At all relevant times, the division's regulations stated that the hospitals would only be reimbursed for services that were "medically necessary." 130 Code Mass. Regs. § 450.204 (1998). Broadly stated, a service is "medically necessary" if it satisfies two requirements. It must be medically appropriate, and there must not be a more conservative or less costly suitable treatment. See 130 Code Mass. Regs. § 450.204(A). [Note 6] The division does not dispute that the services provided were medically appropriate, i.e., clinically necessary, in each case. This appeal concerns only claims for services that were provided on an inpatient basis, but denied because the division concluded that a more conservative or less costly alternative existed, i.e., they should have been provided on an outpatient basis. 130 Code Mass. Regs. § 450.204(A)(2).
The Massachusetts peer review organization (MassPRO) was appointed to review services to determine whether they met the criteria for medical necessity. [Note 7] See 130 Code Mass. Regs. § 450.206 (1999). If MassPRO found that services rendered were medically appropriate but could have been provided on a conservative or less costly (outpatient) basis, then it found that they were not medically necessary, and the hospitals would be denied any reimbursement for the treatment, including reimbursement at the lower outpatient rate. See 130 Code Mass. Regs. § 415.414(B) (2000). As of October 1, 1998, the division began to allow reimbursement in such cases at the outpatient
rate, provided that the services for which reimbursement was sought were medically appropriate.
From March 1, 1994, through May 31, 1999, MassPRO reviewed 81,627 inpatient admissions under the Medicaid program. It approved 74,090 (91%) and denied 7,537 (9%). On timely and adequate requests for reconsideration by the hospitals, see 130 Code Mass. Regs. § 450.211(C) (1997), MassPRO reviewed again 2,836 denials based on either medical necessity or billing errors, and overturned 721 (25%). From March 1, 1994, through May 31, 1999, 852 denials of reimbursement for inpatient admissions were appealed to the division's board of hearings. See 130 Code Mass. Regs. §§ 450.241 et seq. (1999). The board of hearings decided eleven appeals in favor of the hospitals, 184 were decided in favor of the division, and two were approved in part and denied in part. The remaining appeals were withdrawn either at, after, or prior to the hearing, or are pending. None of the cases decided in favor of the hospitals was decided on the ground that the regulations were invalid, although the record does not disclose if any of the prevailing hospitals raised that issue before the board of hearings.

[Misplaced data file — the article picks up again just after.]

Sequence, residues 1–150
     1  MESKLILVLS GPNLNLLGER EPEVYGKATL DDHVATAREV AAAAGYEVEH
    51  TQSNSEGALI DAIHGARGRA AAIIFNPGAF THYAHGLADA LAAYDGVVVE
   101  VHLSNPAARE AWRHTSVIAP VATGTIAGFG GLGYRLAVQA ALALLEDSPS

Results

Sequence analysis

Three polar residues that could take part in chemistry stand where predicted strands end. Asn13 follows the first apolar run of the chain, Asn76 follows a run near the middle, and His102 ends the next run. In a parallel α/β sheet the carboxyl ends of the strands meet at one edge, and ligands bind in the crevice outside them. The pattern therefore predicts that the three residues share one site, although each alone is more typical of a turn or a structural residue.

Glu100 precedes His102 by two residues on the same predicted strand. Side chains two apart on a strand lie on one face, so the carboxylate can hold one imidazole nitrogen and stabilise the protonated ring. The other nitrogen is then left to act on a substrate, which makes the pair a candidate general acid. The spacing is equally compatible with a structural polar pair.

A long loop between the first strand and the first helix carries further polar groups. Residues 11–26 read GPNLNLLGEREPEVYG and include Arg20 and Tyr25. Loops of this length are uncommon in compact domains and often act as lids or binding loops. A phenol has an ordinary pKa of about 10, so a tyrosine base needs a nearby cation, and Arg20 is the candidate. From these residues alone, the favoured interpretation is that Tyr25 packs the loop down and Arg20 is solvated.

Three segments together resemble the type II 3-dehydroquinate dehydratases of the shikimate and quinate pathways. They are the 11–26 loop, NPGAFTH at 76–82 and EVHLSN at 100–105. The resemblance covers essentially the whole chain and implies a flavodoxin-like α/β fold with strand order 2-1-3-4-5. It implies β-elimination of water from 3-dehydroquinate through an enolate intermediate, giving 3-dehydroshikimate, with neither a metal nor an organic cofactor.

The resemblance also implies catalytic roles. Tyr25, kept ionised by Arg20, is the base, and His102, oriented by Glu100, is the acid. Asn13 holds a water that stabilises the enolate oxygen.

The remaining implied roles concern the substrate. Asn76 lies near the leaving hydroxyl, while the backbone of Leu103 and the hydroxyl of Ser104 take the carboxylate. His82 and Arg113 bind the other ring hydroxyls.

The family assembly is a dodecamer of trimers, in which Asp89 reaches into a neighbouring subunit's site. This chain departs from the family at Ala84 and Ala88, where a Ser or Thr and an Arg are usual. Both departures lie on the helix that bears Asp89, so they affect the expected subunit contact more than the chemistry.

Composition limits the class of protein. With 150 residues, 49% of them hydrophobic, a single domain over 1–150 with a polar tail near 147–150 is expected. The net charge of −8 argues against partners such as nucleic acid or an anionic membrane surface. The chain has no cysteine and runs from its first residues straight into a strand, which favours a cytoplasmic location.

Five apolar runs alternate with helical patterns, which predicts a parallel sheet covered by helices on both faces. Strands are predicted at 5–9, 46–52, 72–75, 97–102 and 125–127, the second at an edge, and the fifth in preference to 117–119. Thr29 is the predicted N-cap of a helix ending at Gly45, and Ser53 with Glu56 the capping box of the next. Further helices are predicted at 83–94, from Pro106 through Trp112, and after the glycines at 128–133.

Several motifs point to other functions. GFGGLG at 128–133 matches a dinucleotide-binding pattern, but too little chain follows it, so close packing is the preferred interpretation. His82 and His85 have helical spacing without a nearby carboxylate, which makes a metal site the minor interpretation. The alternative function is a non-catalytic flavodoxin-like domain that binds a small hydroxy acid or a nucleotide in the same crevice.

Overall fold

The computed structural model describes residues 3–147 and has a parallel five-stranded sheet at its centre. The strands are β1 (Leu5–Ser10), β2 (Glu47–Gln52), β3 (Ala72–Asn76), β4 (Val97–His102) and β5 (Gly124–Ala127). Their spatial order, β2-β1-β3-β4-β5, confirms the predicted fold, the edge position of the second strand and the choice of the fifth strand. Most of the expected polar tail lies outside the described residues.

At all relevant times, the regulation governing review of claims required the hospitals to pursue administrative remedies when challenging an adverse decision of the division before seeking judicial review in the Superior Court. [Note 8] With regard to the claims at issue here -- those for which the medically appropriate service had been provided on an inpatient basis, but for which reimbursement had been denied -- the hospitals did not exhaust the administrative remedies prescribed by the regulations.
2. Discussion. The hospitals argue that they were not required to exhaust administrative remedies because (a) their claims were for breach of contract; (b) the question of the validity of the division's regulations is a question of law for the court to determine; and (c) exhaustion would have been futile because
the division refused to consider the legality of its own regulations.
(a) Breach of contract. The hospitals first contend that they were not subject to the requirements of G. L. c. 30A, the statute providing for judicial review of decisions of State administrative agencies, and they were not required to exhaust administrative remedies because their claims did not assert errors in decisions made by an administrative agency, but rather breach of contract. Contract claims against a governmental agency may be brought in a judicial rather than an administrative forum if the agency involved does not have authorization to consider such claims. See Liability Investigative Fund Effort, Inc. v. Medical Malpractice Joint Underwriting Ass'n of Mass., 409 Mass. 734 , 741-745 (1991); Warner Ins. Co. v. Commissioner of Ins., 406 Mass. 354 , 360- 361 (1990).